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The Blessings of Winter Vegetables

A few weeks ago, I talked about the good winter vegetables, the squashes, the brussels sprouts, the celery, cauliflower, peppers, and squash. (I’m told I forgot the beets! Sorry!) What is so great to me is that these veggies are so easy to prepare. They all can get roasted. And that means, line the pan, spray with no stick spray (so cleanup is easy,) layer them in a pan, toss in a bit of oil and seasonings, roast them a half hour to an hour or till the rest of your meal is done, and voila! Healthy, spicy crunchy richness of flavor!  And they are so low in calories, that you can double the weight for your starch servings!

Let me be a bit more specific here:

Brussels sprouts: Choose bright green Brussels sprouts that aren’t losing their leaves. They should feel firm when you gently squeeze them. Buy the sprouts that are mostly the same size so they’re done around the same time. Wash them, cut out the stem, cut them in half top to bottom, and lay them in a baking pan you have lined, drizzle over some olive oil and garlic powder on top and roast at 425 degrees till they are browned and crispy. Best if the flat side is down, the insides get more tender.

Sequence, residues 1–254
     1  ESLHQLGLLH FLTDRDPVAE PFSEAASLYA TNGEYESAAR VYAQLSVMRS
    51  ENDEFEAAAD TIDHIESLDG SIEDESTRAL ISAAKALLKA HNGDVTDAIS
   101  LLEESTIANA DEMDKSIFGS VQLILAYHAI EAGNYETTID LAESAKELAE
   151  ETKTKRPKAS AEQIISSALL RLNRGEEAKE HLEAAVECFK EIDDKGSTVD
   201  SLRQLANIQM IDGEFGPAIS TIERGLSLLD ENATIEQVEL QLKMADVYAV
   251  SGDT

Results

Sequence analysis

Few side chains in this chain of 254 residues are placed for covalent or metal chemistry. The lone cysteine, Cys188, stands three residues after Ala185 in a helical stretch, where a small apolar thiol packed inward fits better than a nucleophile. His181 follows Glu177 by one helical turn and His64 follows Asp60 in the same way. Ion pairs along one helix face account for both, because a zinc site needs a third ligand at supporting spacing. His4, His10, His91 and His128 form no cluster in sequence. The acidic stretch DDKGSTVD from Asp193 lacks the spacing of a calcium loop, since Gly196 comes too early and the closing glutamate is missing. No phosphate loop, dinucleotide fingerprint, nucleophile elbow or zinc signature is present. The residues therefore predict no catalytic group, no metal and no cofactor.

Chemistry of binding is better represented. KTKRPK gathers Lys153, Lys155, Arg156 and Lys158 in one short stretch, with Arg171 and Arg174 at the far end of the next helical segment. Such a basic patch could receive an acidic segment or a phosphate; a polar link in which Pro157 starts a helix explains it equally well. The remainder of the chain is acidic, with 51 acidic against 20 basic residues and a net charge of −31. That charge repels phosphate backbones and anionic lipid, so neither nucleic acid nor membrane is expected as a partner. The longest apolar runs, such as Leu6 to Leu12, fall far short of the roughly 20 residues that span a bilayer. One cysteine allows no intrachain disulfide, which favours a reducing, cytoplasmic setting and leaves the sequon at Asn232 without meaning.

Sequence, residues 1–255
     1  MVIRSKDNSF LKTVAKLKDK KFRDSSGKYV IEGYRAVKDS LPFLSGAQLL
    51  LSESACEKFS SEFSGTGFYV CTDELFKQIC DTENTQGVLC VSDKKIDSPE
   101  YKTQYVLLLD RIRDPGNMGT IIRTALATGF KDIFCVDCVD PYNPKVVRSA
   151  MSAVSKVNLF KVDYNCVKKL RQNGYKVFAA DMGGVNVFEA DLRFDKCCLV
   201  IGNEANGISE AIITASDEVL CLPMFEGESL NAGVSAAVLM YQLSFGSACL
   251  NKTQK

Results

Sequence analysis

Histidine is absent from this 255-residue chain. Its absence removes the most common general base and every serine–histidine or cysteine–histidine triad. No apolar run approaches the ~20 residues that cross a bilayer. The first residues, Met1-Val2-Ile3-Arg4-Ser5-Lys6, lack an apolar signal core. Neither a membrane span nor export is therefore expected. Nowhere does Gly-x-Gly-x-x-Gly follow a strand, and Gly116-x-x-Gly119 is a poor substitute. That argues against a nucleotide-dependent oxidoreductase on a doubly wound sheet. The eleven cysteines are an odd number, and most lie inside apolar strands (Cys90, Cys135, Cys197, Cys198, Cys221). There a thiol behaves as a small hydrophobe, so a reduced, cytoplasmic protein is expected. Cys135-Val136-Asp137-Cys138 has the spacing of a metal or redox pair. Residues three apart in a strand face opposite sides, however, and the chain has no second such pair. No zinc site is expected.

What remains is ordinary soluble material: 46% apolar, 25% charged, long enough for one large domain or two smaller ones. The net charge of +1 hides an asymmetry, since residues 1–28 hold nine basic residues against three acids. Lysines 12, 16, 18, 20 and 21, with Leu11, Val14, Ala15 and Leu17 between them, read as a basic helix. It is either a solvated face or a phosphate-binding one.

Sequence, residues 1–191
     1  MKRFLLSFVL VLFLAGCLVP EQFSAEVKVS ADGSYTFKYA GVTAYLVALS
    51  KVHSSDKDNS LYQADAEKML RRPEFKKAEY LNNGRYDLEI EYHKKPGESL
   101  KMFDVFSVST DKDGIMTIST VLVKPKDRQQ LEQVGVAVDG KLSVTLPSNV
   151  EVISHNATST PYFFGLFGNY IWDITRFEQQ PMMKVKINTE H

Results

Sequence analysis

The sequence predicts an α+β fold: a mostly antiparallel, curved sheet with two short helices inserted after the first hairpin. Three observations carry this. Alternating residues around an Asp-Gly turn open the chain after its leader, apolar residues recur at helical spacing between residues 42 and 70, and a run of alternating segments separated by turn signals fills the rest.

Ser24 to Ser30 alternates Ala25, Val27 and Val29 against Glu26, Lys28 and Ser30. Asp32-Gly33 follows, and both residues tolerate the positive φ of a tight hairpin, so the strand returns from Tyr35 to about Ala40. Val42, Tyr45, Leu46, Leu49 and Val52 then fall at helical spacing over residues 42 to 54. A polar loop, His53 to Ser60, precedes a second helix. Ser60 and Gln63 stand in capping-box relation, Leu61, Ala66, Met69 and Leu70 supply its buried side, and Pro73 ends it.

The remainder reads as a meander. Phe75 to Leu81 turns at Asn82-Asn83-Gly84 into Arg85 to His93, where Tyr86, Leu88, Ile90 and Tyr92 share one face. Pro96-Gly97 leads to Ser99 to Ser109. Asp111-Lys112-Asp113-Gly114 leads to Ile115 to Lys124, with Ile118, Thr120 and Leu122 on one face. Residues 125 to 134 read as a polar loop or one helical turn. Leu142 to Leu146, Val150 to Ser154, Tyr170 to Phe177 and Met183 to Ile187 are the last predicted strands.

You could add balsamic vinegar if you like, or squeeze a lemon wedge over. My favorite is just the garlic and maybe a bit of Parmesan cheese, but you could also try red pepper flakes or sesame seeds.

Except for the sesame seeds, count all these as condiments. The oil too, if you use less than 3 Tablespoons per pound.

The squashes

Let’s start with Acorn. Many chronic diseases are fueled by systemic inflammation, and all these squashes are rich in antioxidants, which reduce inflammation by cleaning cells of harmful waste. Many micronutrients in acorn squash (like vitamin A, vitamin C, and manganese) have antioxidant properties that can contribute to this process.

Acorn squash could be golden yellow or bright green. Cook them both the same way. Preheat the oven to 375 degrees F. Cut the squash in halves or quarters. Spoon the seeds and stringy middle out of the squash, and discard these.  Roast them cut side up on a baking sheet for 50 minutes or until the flesh is just tender. Let the squash cool for 20 minutes

Another idea is, in a large skillet over medium heat melt 1 Tablespoon of oil or butter. Saute a thinly sliced onion and three cloves of garlic. Stirring occasionally, cook the onions and garlic for 10 minutes, or until they begin to brown at the edges. Add 1 teaspoon of coriander, and about ½ teaspoon of nutmeg. Cook the mixture 2 minutes more; then remove the pan from the heat. Add a bit of pepper if you like it.

Cut the squash in half lengthwise, spoon the seeds and stringy middle out of the squash, and discard these. Spoon out the flesh, chop it and add it to the onion mixture. Discard the skins. Season the mixture with salt and pepper. Heat and stir the squash-onion mixture until the squash is hot.